How will Imran Khan's fall affect Pakistan's election?
In an election called the most unpredictable in Pakistan's history, the campaign took a turn no-one expected.
Imran Khan, a rising political star, took a fall.
Images of the country's former cricket captain tumbling from a wooden lift next to a stage played over and over again on Pakistan's many 24-hour channels.
And, with his fall, the political high ground rose. His chief challenger, Nawaz Sharif, declared at his rally he was cancelling his campaigning the next day in sympathy and solidarity.
Political leaders across the spectrum sent wishes and offered prayers.
President Asif Ali Zardari sent flowers to the Lahore hospital where Mr Khan was under observation after suffering a head injury that needed several stitches.
Suddenly, there seemed to be a rare moment of fair play on the political playing fields.
After weeks of denouncing and demeaning each other, bitter rivals ended the invective.
Across social media, where this election has a life of its own, comments poured in to commend Mr Sharif, the two-time prime minister now facing the fight of his political life against Mr Khan.
"Fantastic maturity"; "brotherly spirit"; "classy" were just some of the adjectives spilling across a Pakistani Twitter timeline.
But in a country where political debate is a popular sport, others landed a harder punch.
"All busy scoring points," wrote one tweep.
Pakistani writer Abbas Nasir, commenting on Mr Sharif's move, tweeted: "Shrewd political manoeuvre rather than a gracious act/gesture. Should be seen as such. Probably work too. "
British Pakistani writer Kamila Shamsie tweeted me to say: "That is fair play but then we have to ask: Why have there been no suspended rallies when candidates are killed?"
Her message came from the southern city of Karachi, where candidates and party offices are attacked almost daily by the Pakistani Taliban, who've declared this election unIslamic.
Three major parties are on their hit-list, but not Mr Khan's Movement for Justice or Mr Sharif's Pakistan Muslim League.
On the same day as Mr Khan's accident, a bomb targeted the brother of a candidate for the Pakistan People's Party in north-west Pakistan. Zahir Khan was killed along with five others.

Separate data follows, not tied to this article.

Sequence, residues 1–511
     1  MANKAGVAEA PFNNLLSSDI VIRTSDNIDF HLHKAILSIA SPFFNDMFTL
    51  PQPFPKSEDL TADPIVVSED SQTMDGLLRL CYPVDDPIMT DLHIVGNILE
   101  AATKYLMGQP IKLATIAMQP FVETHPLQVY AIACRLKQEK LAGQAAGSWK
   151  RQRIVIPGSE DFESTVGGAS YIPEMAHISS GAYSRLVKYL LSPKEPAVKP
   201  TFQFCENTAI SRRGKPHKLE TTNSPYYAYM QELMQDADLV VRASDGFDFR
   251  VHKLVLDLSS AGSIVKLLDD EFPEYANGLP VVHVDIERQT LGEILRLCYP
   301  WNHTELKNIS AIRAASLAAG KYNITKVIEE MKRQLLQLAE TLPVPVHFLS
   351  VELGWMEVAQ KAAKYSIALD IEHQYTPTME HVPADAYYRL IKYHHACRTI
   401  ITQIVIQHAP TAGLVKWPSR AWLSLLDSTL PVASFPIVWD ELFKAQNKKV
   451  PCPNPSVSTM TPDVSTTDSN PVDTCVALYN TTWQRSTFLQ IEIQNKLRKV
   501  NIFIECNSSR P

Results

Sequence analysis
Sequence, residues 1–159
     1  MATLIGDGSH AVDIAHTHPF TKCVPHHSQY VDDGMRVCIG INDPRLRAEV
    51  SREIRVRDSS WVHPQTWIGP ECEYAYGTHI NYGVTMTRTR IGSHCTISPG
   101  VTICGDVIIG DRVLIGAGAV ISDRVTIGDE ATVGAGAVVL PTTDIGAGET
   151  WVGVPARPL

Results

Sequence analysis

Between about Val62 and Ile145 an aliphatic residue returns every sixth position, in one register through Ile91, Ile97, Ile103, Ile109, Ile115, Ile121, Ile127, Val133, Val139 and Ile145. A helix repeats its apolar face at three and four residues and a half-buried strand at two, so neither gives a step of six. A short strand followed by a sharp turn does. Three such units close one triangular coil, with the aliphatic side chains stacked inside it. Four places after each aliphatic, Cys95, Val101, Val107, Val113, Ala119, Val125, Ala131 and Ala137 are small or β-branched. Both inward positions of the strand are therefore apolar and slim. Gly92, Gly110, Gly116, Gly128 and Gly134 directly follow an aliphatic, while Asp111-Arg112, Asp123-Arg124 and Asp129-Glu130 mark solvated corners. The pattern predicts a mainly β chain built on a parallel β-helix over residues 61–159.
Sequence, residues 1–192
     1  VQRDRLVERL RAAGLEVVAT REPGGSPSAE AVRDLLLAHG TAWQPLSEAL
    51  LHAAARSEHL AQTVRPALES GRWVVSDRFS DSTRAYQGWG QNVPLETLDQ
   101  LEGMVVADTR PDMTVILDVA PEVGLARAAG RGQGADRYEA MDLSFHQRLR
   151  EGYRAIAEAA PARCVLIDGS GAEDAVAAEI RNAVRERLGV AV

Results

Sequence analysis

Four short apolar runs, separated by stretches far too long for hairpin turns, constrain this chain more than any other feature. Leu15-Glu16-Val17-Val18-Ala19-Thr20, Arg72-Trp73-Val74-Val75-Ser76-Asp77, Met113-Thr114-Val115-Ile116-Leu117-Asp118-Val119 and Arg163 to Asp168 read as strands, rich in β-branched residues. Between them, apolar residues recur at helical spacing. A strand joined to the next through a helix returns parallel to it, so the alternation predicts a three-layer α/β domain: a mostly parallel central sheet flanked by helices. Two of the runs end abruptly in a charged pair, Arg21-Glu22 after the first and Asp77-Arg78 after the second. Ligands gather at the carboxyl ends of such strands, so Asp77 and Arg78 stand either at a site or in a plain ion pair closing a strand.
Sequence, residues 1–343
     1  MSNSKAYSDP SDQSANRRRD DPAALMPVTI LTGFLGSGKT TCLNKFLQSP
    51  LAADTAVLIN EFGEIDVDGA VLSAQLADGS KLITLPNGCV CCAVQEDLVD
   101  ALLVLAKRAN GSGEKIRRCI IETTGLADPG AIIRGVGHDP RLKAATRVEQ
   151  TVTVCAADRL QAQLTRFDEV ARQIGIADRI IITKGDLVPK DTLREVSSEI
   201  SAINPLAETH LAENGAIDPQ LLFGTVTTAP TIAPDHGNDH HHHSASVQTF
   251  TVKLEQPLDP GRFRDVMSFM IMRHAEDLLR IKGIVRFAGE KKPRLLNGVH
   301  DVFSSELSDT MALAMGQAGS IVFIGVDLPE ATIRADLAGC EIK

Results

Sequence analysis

Neither Nawaz Sharif nor Imran Khan has come out strongly in this campaign to condemn the violence against their rivals as a brutal assault on democracy.
"Three provinces are facing dire violence but unfortunately the political parties have not got together on a common platform to unite against the Taliban," said Pakistani writer and journalist Ahmed Rashid.
Both Mr Sharif and Mr Khan offered defensive replies when I asked them about their ability to campaign in relative safely, while others were under major threat.
Mr Khan insisted he wasn't pro-Taliban. He described himself as anti-war and emphasised it was time to talk to the Taliban.
Mr Sharif protested that he had expressed sympathy with victims and their families, and that his party had been targeted too.
Spin doctors' tail-spin
The debate is certain to go on until election day and beyond over whether sympathy votes will now go to Mr Khan as he emerges, bandaged, from hospital to continue the fight.
And whether Mr Sharif's response was shrewd or sympathetic, will the man who's been regarded as the front runner escape any political injury?
As the day began, the popular Dawn newspaper cartoonist Zahoor had depicted Imran Khan painting a portrait of a smug Nawaz Sharif falling from a cliff.
When the day drew to a close, it was all about Mr Khan falling from a stage.
And from his hospital bed, the wounded politician spoke: "On May 11th, consider this your battle, it's not just my battle, it's a battle for this country."
A televised moment of high drama sent spin doctors, on all sides, into a tail-spin.
No-one can say with certainty here what the next day, next rally, and this next election, will bring.